The Hays County Commissioners Court unanimously voted on Aug. 24 to allocate $5 million of American Rescue Plan funds to establish a public defender’s office, which has been an uphill battle for over three years.

Precinct 4 Commissioner Walt Smith initially questioned the viability of using ARP funds that are allotted to addressing issues as a result of the COVID-19 pandemic.

“I think there may be a concept that those dollars are just open dollars that we can spend on priorities that we would want to look at, and that is not the case whatsoever,” Smith said. “There’s no allotment there for permanent facilities; it has to end when the pandemic ends.”

He also listed assistance of public health expenditures, economic harm to workers, and small businesses and rental assistance as direct use of funds, to name a few.

However, according to the recovery funds FAQ, “court backlogs resulting from inability of courts to safely operate during the COVID-19 pandemic decreased the government’s ability to administer services. Therefore, steps to reduce these backlogs such as implementing COVID-19 safety measures to facilitate court operations, hiring additional court staff or attorneys to increase speed of case resolution, and other expenses to expedite case resolution are eligible uses.”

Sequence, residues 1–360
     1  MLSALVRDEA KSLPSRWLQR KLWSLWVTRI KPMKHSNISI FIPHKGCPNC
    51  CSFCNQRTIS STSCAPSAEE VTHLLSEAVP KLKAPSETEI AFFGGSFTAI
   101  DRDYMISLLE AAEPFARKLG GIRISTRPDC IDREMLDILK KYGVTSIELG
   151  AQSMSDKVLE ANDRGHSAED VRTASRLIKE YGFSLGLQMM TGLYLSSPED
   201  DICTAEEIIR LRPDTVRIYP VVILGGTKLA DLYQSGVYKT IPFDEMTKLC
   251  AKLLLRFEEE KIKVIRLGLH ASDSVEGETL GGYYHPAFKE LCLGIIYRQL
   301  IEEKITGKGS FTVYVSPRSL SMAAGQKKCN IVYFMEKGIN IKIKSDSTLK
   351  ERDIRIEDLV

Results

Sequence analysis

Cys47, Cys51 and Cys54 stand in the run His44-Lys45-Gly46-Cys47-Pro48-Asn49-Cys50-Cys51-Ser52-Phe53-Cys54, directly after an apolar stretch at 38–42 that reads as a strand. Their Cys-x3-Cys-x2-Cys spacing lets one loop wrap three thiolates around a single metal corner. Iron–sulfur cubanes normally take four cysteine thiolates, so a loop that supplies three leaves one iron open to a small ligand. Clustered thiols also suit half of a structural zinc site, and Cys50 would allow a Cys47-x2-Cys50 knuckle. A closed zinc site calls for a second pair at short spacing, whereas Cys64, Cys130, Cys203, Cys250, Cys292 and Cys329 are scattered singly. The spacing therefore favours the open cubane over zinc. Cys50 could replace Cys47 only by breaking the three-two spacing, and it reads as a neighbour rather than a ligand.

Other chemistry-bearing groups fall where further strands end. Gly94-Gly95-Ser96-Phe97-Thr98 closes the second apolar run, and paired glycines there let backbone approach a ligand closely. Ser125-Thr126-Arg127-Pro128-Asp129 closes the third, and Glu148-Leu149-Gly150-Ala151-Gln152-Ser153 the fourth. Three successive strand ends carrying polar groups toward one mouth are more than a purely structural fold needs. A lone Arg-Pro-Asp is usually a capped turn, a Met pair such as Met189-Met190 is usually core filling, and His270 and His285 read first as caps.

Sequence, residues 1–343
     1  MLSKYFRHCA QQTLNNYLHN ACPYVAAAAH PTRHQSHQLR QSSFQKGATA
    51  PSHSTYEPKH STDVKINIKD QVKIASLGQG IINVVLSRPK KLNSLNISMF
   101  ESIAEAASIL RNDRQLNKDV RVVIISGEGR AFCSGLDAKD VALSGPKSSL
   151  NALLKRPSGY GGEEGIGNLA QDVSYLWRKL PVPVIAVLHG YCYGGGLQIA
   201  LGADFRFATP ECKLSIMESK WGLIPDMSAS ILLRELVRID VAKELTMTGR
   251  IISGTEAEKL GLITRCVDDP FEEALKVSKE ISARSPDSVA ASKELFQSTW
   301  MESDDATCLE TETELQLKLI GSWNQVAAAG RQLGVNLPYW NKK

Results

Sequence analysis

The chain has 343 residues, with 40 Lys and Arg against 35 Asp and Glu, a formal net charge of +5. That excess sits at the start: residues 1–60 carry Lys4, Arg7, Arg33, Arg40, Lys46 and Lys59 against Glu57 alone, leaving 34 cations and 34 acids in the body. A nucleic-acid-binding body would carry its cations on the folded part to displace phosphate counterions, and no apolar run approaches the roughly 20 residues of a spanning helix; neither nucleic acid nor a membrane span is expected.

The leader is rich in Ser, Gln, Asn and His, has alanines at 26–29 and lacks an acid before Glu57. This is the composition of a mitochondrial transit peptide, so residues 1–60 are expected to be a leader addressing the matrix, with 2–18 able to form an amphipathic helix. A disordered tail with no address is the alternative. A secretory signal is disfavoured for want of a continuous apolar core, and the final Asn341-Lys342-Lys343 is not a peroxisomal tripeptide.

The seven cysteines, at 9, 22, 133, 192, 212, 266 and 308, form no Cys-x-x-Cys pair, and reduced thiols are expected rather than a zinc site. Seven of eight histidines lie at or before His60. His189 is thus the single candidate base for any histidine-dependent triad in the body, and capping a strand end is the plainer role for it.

Precinct 1 Commissioner Debbie Ingalsbe expressed her support for the public defender’s office and believes that it is an afffected service and can be deemed as support for essential workers.

Precinct 3 Commissioner Lon Shell not only addressed the fact that a public defender’s office would improve the lives of those awaiting trial but also noted that it would additionally aid in the battle against COVID-19 and reduce the amount of people in a small, confined space.

Overall, this is a win for the county and for activist group Mano Amiga that have been fighting for this very moment. Members have been speaking publicly at these meetings, holding protests and drafting petitions that have helped secure the fund allocations for the new office.

“I believe that this PDO can be substantiated. Have we needed it? Yes. Has it gotten worse because of COVID? Yes,” County Judge Ruben Becerra said. “This is a calculated assessment that I am willing to make alongside you guys to support this PDO the community has been longing for once and for all."